The following essay will appear, in somewhat different form, as the introduction to Joseph Roth: A Life in Letters, translated and edited by Michael Hofmann, to be published by Norton in January. The accompanying letters between Roth and Stefan Zweig are from the book, which is the the first translation of the correspondence of Roth (1894–1939), author of The Radetzky March, among many other works.
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Nothing to parents (but Joseph Roth never saw his father, Nahum, who went mad before he knew he had a son, and reacted to his overproud and overprotective mother, Miriam, or Maria, to the extent that he sometimes claimed to have her pickled womb somewhere). Nothing to his wife (poor, bewitching Friedl Reichler, who after six years of a restless, oppressive, and pampered marriage disappeared into schizophrenia and left him to make arrangements for her, and pay for them, and wallow in the guilt and panic that remained). Nothing to the lovers and companions of his last years (the Jewish actress Sibyl Rares, the exotic half-Cuban beauty Andrea Manga Bell, the novelist Irmgard Keun, his rival in cleverness and dipsomania). Nothing to perhaps his very best friends (Stefan Fingal, Soma Morgenstern, Joseph Gottfarstein), though with such a protean or polygonal character as Roth’s, who contrived to present a different aspect of himself to everyone he knew, it’s hard to tell for sure.
Except to family, very few—initially, I had the sense, none at all—in the intimate du form, and most of those are, ironically, to near strangers, because they had served, as he had, briefly, in the Austrian army, where it was form to address a brother officer, even if one didn’t know him from Adam, as du. Very few early—barely a dozen before 1925, when Roth, thirty, a married professional, a published novelist, and an experienced nomad already on to his third country and maybe his fourth newspaper, gets his big break as a journalist, in Paris, for the liberal Frankfurter Zeitung. Very little explicitly about aesthetics, ambition, writing (references to the novels, when he does talk about them, are so grudgingly or airily unspecific that it’s often impossible to be sure which one of them he’s talking about). Little in the way of chat, description, narrative, confession, or scandal—this was a man with books to write and columns to fill.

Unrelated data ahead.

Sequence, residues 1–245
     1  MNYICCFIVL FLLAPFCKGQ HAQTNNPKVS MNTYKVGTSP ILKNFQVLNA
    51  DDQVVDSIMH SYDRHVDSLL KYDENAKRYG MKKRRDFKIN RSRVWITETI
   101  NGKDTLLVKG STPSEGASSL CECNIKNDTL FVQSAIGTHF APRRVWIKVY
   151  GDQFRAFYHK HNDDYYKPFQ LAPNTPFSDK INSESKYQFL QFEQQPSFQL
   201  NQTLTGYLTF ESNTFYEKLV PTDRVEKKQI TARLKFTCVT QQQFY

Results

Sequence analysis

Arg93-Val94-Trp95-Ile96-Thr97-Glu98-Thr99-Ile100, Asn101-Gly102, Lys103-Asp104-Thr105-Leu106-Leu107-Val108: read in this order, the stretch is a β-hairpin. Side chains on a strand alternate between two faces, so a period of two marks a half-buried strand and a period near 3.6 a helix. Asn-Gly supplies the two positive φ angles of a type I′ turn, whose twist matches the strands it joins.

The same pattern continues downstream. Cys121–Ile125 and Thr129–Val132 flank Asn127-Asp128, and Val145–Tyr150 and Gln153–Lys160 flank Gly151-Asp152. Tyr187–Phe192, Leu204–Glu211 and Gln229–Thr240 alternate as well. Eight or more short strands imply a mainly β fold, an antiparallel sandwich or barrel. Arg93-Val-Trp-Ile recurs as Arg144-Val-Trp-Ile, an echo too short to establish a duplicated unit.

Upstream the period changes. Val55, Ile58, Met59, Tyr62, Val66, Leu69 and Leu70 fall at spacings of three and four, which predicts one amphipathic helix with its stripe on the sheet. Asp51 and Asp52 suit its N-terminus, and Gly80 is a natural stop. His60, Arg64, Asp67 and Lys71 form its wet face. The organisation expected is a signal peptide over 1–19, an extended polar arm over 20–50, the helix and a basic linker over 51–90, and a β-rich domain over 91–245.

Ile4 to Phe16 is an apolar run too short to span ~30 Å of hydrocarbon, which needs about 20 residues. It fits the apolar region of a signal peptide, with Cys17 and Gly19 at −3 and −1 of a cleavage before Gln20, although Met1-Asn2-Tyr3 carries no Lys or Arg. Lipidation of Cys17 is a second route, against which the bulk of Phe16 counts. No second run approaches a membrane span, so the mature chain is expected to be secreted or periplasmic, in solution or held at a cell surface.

So why read them? If they have little bearing on his literary output, and are not even addressed to the people who mattered most in his life? Well, to get a sense, first of all, and in the absence of a biography in English, of the stations of the man’s life, his classic westward trajectory (like that of Flight Without End or The Wandering Jews) from the Habsburg Crownland of Galicia just back of the Russian border, on the edge of Europe if not of the civilized world, in quick, brief stages to Vienna, to Berlin and Frankfurt, and then to Paris—a sort of schizoid Paris, first (in 1925) the paradisal place of the fulfillment of hopes and dreams, and then, after 1933, the locus of exile, disappointment, trepidation, punishment. It was like day and night. (In this way, it reminds one of Brecht’s Hollywood: “God/Requiring a heaven and a hell, didn’t need to …
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